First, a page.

Shih Chieh Huang was born in 1975 in Taiwan and lives and works in New York. Fascinated with science and biology, his work is characterized by playful installations composed of everyday objects that are transformed into ethereal sculptures, conjuring up magical realms.
Shih Chieh Huang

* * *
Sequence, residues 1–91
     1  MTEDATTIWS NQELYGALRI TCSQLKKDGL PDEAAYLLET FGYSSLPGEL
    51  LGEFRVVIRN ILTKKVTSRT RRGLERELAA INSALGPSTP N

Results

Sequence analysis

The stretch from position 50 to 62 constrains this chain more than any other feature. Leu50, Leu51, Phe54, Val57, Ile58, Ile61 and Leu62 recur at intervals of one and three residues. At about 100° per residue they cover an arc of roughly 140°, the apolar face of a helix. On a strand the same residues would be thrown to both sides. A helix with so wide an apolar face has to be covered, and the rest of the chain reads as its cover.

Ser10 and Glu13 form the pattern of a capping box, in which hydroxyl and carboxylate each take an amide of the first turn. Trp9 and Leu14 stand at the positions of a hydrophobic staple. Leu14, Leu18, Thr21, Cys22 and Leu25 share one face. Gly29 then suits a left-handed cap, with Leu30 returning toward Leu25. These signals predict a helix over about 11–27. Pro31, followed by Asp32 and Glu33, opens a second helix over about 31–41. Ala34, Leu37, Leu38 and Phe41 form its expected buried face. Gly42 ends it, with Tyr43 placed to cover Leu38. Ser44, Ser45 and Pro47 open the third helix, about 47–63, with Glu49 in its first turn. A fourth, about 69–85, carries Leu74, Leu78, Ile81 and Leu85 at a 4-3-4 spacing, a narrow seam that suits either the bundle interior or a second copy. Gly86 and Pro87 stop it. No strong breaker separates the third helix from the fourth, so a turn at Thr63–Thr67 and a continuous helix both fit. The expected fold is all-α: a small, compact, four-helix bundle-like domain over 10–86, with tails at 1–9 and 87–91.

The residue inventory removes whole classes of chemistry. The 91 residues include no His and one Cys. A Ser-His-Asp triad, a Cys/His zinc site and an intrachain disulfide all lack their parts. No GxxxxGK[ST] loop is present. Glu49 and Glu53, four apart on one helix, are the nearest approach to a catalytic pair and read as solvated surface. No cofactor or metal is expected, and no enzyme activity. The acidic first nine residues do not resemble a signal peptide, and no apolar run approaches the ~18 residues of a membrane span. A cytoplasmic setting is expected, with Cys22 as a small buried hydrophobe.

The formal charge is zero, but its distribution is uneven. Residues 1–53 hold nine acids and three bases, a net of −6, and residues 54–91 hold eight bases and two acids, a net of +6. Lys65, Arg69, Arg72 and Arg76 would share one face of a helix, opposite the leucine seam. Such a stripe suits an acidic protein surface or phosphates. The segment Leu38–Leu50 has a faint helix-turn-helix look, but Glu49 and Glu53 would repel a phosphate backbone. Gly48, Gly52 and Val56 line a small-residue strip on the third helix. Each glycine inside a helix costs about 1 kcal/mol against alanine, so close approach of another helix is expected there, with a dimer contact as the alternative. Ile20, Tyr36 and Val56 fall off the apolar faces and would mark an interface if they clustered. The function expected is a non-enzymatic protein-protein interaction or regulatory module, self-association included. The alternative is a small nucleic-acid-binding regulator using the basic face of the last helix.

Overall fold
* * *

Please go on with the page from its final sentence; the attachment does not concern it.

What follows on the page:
He received his BFA from the University of California, San Diego, in 1998 and his MFA from the School of Visual Arts in New York in 2001. From an early age, he developed a passion for taking apart household objects and transforming them into something new; through a meticulous process, he dissects and reassembles the detritus of everyday life. In 2007, he was the Art Research Fellow at the Smithsonian Institute and studied bioluminescent organisms, an experience which deeply informs his practice. His most recent works use plastic bottles, garbage bags, computer cooling fans, LED lights and other everyday items, turning them into gigantic “living” sea-creatures that move and light up. Projects such as Synthetic Seduction (2013) and Synthetic Microcosms (2015) are sprawling installations that encompasses the viewer, making them feel they are exploring a surreal underwater ecosystem. He has exhibited at the Museum of Contemporary Art Taipei (2003); Haas & Fischer Gallery (2006), Zurich; Smithsonian National Museum of Natural History (2011), Washington, D.C.; and participated in international events such as the Venice Biennale (2009); Busan Biennale (2010); Aichi Triennale (2010), Japan; International Biennale of Media Art (2012), Melbourne; Amsterdam Light Festival (2013); Glasstress (2013), Venice; Echigo-Tsumari Art Triennale (2015), Japan; and The Armory Show (2016), New York. He has held a Rockefeller Foundation New Media Arts Fellowship (2006, 2007); TED fellowship (2014); and New York Foundation for the Arts Fellowship (2014). He was awarded the University of California San Diego Research Scholar Award (1997) and The Oscar Signorini Prize (2008), D’ars Foundation, Milan.